Ovulation duration: It lasts for around one day, and usually begins on day 14 of an average 28-day cycle; the starting date of course vary depending on the length of your own cycle, but it usually is around halfway through.

Luteal phase: If you’re in the fourth phase of your menstrual cycle, it’s best to stick to moderate activity, this is because progesterone – that hormone released during ovulation – is still making itself at home in your body – so don’t overdo it. But that doesn’t mean you have to stop moving, it’s actually a really good time to boost your circulation and get those feel-good endorphins that come with exercise. Go for the following moderate activities:

  • Gentle cardio exercises
  • Walks
  • Yoga or Pilates
  • Tai chi

Luteal phase duration: This phase tends to last around 11 to 17 days, and is typically around the 15th day of a typical cycle.

Eating for your cycle

Menstrual phase: Your hormones are at their lowest levels during this phase, so you’ll want to eat to support this fluctuation – go for minimally-processed foods like whole grains, whole fruits and veggies, nuts and seeds to keep your body energised. Fermented foods are also a must – these are easier for our bodies to digest and have more accessible nutrients, making them ideal for this phase when our body is already working hard. Go for the following:

  • Yoghurt, kefir
  • Sauerkraut, pickles
  • Natto, tempeh
  • Miso

Don’t forget to eat iron-rich foods like eggs, tofu, meat and legumes – these will be important in preparing for the loss of iron that this phase will cause. Eating healthy foods is essential for this phase as it will help balance hormones, which then reduces cravings in other phases, along with reducing period pain – this is why we recommend cutting out highly-processed and inflammatory foods which can exacerbate cravings and pain.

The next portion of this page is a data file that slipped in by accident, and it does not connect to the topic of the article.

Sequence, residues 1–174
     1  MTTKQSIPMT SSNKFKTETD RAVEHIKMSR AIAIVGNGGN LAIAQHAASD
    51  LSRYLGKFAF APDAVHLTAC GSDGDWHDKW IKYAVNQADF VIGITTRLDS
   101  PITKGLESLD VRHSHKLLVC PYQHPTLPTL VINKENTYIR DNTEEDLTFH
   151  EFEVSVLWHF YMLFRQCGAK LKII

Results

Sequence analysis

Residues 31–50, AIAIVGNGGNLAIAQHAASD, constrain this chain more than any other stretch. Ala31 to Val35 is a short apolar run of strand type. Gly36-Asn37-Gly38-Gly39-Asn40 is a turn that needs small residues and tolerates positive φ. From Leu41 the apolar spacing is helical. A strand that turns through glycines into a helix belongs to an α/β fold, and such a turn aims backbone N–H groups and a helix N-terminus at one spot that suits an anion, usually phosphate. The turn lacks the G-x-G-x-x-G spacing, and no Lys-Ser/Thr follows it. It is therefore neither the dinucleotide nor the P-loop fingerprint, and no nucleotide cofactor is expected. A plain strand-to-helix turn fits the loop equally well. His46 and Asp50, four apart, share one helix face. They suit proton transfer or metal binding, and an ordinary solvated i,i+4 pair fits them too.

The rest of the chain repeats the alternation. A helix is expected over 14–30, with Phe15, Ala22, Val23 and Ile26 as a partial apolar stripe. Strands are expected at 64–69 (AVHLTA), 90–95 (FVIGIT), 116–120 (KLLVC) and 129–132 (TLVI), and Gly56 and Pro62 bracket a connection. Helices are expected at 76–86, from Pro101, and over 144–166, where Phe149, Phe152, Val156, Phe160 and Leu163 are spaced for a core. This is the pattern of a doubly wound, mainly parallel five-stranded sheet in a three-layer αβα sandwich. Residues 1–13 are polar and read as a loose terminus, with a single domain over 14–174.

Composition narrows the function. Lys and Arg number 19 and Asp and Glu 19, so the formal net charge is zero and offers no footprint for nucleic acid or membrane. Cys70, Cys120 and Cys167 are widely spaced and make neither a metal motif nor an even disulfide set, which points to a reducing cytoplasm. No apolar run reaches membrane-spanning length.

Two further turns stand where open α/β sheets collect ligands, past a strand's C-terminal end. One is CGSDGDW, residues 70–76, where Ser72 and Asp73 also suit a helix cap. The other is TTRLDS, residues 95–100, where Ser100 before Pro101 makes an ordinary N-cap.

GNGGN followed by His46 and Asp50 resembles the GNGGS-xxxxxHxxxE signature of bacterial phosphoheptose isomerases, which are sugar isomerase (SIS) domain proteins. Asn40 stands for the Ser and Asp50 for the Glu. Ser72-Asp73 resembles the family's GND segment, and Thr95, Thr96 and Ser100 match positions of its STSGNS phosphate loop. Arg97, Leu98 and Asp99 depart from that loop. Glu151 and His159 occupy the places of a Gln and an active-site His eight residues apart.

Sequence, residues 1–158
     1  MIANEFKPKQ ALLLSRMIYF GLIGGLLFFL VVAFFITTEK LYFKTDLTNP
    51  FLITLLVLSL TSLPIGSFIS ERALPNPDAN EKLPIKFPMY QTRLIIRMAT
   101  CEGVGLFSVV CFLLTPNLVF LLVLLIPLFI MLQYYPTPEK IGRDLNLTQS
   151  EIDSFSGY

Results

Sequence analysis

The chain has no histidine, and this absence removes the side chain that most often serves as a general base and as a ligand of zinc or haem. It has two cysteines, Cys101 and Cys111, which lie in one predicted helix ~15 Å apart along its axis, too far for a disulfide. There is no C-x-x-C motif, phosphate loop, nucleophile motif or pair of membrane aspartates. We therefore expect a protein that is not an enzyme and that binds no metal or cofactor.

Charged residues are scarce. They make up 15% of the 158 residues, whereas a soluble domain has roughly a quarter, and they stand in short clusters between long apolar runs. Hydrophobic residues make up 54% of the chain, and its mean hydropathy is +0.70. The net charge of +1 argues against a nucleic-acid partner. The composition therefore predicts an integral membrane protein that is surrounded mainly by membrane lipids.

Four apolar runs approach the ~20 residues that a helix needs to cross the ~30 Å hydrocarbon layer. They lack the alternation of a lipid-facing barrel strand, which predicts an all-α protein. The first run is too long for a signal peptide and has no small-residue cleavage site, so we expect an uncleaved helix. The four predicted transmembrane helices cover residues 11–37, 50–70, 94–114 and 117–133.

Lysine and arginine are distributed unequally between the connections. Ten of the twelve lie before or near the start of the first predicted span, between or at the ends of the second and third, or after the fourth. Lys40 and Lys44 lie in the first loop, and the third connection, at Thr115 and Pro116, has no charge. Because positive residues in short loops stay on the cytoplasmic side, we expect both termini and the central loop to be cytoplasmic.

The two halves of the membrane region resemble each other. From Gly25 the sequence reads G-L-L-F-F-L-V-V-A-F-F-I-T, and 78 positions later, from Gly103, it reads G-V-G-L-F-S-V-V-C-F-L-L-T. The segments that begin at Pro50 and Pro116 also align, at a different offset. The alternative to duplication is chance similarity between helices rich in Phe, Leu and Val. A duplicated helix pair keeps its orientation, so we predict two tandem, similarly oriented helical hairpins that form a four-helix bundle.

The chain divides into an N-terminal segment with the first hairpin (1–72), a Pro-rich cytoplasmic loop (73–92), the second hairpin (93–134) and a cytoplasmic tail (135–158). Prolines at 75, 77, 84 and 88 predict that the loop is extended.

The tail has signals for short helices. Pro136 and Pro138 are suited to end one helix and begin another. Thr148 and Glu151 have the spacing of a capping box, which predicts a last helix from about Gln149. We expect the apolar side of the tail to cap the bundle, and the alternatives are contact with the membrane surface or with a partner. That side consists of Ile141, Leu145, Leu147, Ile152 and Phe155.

Follicular phase: This is the time where your body will need extra iron – after all, you’ve just lost a bit of blood in the previous phase. Go for tofu, legumes, leafy greens and eggs to replenish those iron stores. You’ll also want to focus on fighting inflammation during this phase, so opt for omega 3 fatty acids like those found in eggs, fish and walnuts. This phase is all about helping your body recover from a tiring menstrual phase, along with supporting the wave of energy you’ll be feeling – remember this is the time best suited for rigorous exercise. Take a look at a few of the other foods to load up on:

  • Fermented foods like sauerkraut, kimchi and kefir
  • Dairy and eggs
  • Whole grains, nuts and seeds
  • Legumes
  • Fresh fruit and veggies

Ovulation: During this phase your hormone levels will rise – especially estrogen. Your body temperature will also be heating up, so this is the time to eat hydrating foods and make sure you’re getting enough water to keep your body cool. Too much estrogen can cause an imbalance in hormones, which comes with a number of symptoms like:

  • Breast tenderness
  • Skin issues like acne
  • Weight gain

If any of these sound familiar, you may want to eat foods that help get rid of excess estrogen – and considering the liver is responsible for this function, you’ll want to go for foods that support this organ. These include:

  • Leafy greens
  • Onions and garlic
  • Quinoa
  • Whole fruits like berries

Luteal Phase: If you’ve noticed a week or two in the month where you’re feeling particularly ravenous, it’s probably the luteal phase. This phase is the lead up to your period, so you might start to feel some pre-menstrual symptoms like excess hunger and cravings – and this is often your body telling you that you need more energy. This is because your metabolism can increase by up to 16% in the late luteal stage, meaning a few days before your period starts, and research shows you should up your caloric intake by up to 300 calories each day. So, if you’re in the lead up to your period – especially the few days before starting – now is the time to eat more healthy fats, protein and iron-rich foods to fuel your increased energy needs.